Bates Motel isn’t a remake, and it isn’t an homage. Hell, it’s not even a prequel. During a Q&A following the screening of the pilot episode, writer/producer Carlton Cuse seemed eager to remind us of that fact. I believe he did so with good reason. If you approach this show with a Psycho mind-set, you will, at the very least, be disappointed. But, even with all those caveats, this certainly exists in the same universe as Psycho.
Norman and Norma buy a motel after Norman’s father dies. Upon reveal of said property, you see that it’s a carbon copy of the film’s motel. The house is so painstakingly recreated that I got chills as the camera lingered on the infamous staircase. And while we have yet to be shown the office, I’m willing to bet it’s just as evocative. So after seeing all this, and hearing Cuse’s words, my brain began to lack the ability to wrap around what was being attempted with this series.
We have our characters, and our set, but we’re in a modern setting, and this isn’t necessarily an origin story. For example, they might not actually build the road that diverts traffic away from the Bates, even though the first episode teases it.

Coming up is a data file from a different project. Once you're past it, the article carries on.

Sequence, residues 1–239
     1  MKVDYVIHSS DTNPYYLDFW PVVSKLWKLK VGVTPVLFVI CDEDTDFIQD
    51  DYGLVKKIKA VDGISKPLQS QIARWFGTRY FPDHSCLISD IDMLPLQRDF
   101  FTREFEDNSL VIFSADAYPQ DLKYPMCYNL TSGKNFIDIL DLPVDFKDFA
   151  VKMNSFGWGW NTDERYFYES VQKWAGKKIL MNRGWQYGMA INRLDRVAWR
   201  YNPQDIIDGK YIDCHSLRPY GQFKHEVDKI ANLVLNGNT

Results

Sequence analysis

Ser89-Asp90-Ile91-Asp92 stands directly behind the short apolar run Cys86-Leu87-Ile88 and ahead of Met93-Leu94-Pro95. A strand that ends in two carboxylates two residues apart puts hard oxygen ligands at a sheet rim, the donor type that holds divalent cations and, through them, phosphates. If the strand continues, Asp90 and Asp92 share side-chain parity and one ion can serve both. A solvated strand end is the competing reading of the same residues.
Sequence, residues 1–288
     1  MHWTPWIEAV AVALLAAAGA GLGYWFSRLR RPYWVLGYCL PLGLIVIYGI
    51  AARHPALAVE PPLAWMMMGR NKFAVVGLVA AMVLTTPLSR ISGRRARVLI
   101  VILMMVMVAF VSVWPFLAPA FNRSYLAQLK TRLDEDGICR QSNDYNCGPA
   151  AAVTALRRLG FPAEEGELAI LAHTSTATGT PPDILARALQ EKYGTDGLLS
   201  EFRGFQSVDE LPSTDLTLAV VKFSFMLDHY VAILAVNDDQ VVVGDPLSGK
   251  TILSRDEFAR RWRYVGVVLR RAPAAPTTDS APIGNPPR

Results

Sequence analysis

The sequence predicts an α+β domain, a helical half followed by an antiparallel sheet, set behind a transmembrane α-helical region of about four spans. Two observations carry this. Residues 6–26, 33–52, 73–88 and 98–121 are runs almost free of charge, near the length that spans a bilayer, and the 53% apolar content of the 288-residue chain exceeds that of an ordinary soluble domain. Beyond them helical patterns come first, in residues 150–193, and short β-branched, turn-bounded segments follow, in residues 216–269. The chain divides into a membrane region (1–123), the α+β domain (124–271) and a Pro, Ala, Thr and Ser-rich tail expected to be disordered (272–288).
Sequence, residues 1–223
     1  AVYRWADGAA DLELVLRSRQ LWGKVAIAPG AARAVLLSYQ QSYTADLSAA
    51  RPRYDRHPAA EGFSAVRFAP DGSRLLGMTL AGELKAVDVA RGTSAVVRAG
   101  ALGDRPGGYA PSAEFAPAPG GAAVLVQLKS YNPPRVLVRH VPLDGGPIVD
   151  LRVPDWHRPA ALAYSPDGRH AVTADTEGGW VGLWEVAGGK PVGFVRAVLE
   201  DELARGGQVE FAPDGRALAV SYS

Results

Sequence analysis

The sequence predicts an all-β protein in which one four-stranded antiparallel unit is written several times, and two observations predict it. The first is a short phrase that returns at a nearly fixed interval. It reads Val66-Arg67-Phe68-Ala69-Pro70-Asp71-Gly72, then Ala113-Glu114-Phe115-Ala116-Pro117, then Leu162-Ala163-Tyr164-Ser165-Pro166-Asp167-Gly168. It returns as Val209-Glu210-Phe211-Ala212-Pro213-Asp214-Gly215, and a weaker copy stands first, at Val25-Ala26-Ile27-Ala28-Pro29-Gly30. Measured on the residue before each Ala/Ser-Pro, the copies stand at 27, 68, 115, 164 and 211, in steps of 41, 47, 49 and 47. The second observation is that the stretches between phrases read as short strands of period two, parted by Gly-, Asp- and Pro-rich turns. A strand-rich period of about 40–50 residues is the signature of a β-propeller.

The only way for me to properly reconcile this information is to think of it in terms of fan fiction. This is an in-canon modern AU. Basically, our characters have been dropped into a modern setting, and they are, for all intents and purposes, the characters we know and expect. They just exist in a different time period and aren’t locked into the canon established by Psycho.
Your willingness to divorce yourself from the source material will weigh heavily on your enjoyment of the pilot. If you dig the pilot, you’ll most likely be intrigued enough to see where it goes. I know I am based solely on the bold, and rather shocking, choices and foreshadowing in that first installment. At this point, Bates Motel has the ability to get awfully dark and interesting. My main concern is, since all bets are off and there’s no guarantee the show will end where the film begins, they could push too far. Suddenly we’d have the ever-escalating adventures of Norma & Norman, with each season seeing their antics and drama reaching more bizarre heights. Let’s hope the doesn’t come to pass and the series stays more character driven; Farmiga and Highmore can certainly handle it.